Miles Starforth’s match analysis: Aston Villa 0 Newcastle United 0

Newcastle Uniteds Aleksandar Mitrovic (left) lifts his shot over Aston Villa goalkeeper Mark Bunn.
Newcastle Uniteds Aleksandar Mitrovic (left) lifts his shot over Aston Villa goalkeeper Mark Bunn.

It was all going so well.

At least at the Stadium of Light it was.

It never really went well at Villa Park.

And Saturday’s goalless draw brought back memories of Newcastle United’s pitiful surrender at the same stadium seven years ago.

There was glorious sunshine at the stadium when the players took to the field against relegated Aston Villa.

There was also hope and expectation in the away end after a brighter few weeks on the field.

But the skies – and the mood – darkened during the game, and Rafa Benitez and his team left amid a deluge.

There were dark clouds above Villa Park as a gaggle of young Villa fans patiently waited for autographs from the one of the worst teams in their club’s history.

History will probably not judge this United team too kindly, either.

There is also dark cloud above St James’s Park given that Newcastle, barring an astonishing failure by Sunderland, is heading for the Championship for the second time in seven years.

For all the talk last summer of challenging for trophies and pushing up the table, United managing director Lee Charnley only had one job this season.

Charnley had to appoint a manager capable of keeping the club in Premier League ahead of the biggest TV deal in its history.

That was the be all and end all.

After years of flirting with relegation, Newcastle had to give it the brush off.

How difficult was that for a club with tens of millions of pounds in the bank?

Charnley left Villa Park, closely followed by Mike Ashley advisor Keith Bishop, soon after the final whistle.

There was a lot for Charnley to think about on the journey home.

After all, he, and he alone, had appointed Steve McClaren last summer.

And he also oversaw a spend of around £80million in the last two transfer windows.

Not all of that money was spent wisely, while McClaren didn’t prove to be a wise appointment.

But it was going well on Saturday.

News of Chelsea’s two first-half goals at the Stadium of Light quickly filtered through to the away end at Villa Park.

All Newcastle had to do was win.

They had to beat a team which had lost its last 11 matches.

Yet they were lifeless and lethargic before the break. United were careless with the ball and carefree without it.

Villa, by contrast, were energetic and enthusiastic, though they didn’t look like scoring.

Chancel Mbemba led his back four well.

But United themselves struggled to create chances against the home team’s five-man defence.

They were poor in the final third of the pitch.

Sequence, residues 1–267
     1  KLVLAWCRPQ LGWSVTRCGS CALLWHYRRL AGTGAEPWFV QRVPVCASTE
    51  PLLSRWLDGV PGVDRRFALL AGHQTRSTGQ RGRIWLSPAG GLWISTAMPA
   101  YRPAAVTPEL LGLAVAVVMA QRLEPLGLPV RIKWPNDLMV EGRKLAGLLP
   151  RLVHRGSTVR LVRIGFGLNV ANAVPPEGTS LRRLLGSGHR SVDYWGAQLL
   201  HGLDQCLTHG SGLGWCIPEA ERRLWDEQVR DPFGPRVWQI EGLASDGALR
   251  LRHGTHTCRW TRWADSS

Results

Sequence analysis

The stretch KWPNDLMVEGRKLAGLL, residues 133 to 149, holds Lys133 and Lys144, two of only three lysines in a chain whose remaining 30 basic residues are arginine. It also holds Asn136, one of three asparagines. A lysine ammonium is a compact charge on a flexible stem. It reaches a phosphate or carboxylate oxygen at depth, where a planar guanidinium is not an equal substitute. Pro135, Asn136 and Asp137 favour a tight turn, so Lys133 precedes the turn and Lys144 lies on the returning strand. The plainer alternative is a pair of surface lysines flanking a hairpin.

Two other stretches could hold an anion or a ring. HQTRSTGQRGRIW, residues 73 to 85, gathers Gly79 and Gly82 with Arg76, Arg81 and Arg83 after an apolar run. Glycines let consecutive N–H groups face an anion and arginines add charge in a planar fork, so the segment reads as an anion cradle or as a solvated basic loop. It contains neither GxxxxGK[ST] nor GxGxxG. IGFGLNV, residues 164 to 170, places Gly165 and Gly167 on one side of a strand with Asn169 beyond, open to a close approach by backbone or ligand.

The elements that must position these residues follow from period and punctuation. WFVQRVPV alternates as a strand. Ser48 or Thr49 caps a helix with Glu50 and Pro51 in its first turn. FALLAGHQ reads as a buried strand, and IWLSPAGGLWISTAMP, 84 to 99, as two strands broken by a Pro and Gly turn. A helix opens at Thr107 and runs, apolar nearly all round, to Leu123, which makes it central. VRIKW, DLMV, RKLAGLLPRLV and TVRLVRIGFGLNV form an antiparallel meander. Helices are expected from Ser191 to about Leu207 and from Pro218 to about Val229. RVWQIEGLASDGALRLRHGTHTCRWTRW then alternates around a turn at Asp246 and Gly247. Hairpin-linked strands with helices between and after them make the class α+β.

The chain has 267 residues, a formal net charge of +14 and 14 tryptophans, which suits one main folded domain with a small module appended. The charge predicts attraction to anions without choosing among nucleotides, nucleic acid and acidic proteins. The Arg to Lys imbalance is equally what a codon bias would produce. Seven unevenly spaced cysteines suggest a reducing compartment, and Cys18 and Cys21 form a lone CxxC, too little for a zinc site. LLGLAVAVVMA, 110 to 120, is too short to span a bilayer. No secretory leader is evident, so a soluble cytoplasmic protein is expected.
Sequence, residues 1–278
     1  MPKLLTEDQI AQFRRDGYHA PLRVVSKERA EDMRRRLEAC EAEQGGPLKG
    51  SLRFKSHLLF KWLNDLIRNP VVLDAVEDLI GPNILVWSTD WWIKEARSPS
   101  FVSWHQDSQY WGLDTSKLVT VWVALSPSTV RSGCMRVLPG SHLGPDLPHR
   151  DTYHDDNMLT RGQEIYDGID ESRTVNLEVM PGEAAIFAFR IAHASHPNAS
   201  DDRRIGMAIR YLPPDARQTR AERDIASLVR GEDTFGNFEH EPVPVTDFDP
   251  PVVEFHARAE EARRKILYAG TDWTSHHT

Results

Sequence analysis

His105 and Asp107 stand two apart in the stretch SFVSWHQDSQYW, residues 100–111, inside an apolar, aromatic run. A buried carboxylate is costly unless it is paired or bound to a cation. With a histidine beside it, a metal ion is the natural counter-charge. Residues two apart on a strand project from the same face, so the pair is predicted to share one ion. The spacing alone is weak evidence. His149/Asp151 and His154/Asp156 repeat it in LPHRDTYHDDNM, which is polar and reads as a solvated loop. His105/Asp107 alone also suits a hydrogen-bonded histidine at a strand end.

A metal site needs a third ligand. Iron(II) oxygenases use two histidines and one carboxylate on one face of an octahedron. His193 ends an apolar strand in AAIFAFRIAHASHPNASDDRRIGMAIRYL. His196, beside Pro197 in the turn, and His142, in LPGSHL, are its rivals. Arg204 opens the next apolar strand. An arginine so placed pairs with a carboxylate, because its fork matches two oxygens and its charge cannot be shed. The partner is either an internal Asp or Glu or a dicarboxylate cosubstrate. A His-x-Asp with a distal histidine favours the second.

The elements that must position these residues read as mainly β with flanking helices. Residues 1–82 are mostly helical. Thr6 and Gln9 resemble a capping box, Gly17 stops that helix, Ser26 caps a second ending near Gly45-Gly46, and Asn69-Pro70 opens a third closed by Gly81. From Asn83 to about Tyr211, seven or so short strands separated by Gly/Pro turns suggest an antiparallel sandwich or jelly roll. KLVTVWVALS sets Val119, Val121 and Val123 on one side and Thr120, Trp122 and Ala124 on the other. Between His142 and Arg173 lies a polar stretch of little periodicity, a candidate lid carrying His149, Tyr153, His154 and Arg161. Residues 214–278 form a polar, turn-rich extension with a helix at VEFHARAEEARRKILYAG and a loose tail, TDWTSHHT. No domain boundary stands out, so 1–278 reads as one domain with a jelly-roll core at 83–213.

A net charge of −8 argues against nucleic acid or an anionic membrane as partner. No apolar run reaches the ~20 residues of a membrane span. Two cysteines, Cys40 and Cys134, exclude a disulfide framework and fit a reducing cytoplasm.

They were sloppy with their final balls, which were all too often just lumped forward.

Andros Townsend, such an influence in the previous four games, struggled to deliver a telling cross, while Cisse just couldn’t hold the ball up.

Captain Moussa Sissoko, as he has so often done in his Newcastle career, went missing away from home.

There were some robust challenges, but once United had the ball, they just didn’t know how to break Villa down.

Things improved after the break.

Jack Colback put a chance over the bar after Cisse mishit a Townsend cross, while substitute Aleksandar Mitrovic lifted another effort over Mark Bunn’s goal and also headed wide of the target.

Georginio Wijnaldum, largely anonymous before the break, shot at Bunn.

And so it went on.

Mitrovic and fellow substitute Ayoze Perez couldn’t enliven the team, and the draw seemed inevitable.

Now relegation seems inevitable.

Villa fans – who threw hundreds of beach balls and balloons towards the pitch and unfurled a “no sobbing on the Holte” banner – revelled in the Newcastle’s plight after Jermain Defoe put Sunderland ahead.

They chanted “you’re going down with the Villa”.

Those same supporters had revelled in the club’s previous relegation.

That day there had been a classless “sob on the Tyne” bedsheet.

This result didn’t send United down, but it’s hard to see a way back for United, who must hope that Everton, a worse team than Newcastle right now, beat Sunderland on Wearside on Wednesday night.

If Sam Allardyce’s side can’t get the job done at the Stadium of Light, they have another chance on Sunday against Watford, another team with nothing to play for, at Vicarage Road on Sunday.

Football can be funny old game, but really?

Surely, United are down.

Benitez has simply run out of time, like Alan Shearer did in 2009.

Only one player of the players who had been on the pitch could be bothered to speak in the post-game mixed zone.

But that wasn’t such a big surprise.

They hadn’t shown enough character on the field, so why should we have expected them to show character off the pitch and front up to those fans who had paid handsomely to watch them go through the motions at Villa Park?

It looks like Newcastle will be back at the stadium next season.

The Championship has moved on since the club’s previous spell in English football’s second tier.

It’s an even more unforgiving division, just ask Chris Hughton, the last man to guide United out of it.

Hughton’s Brighton and Hove Albion side were denied the second automatic promotion spot by Middlesbrough on goal difference.

There’s no telling when Newcastle will be back.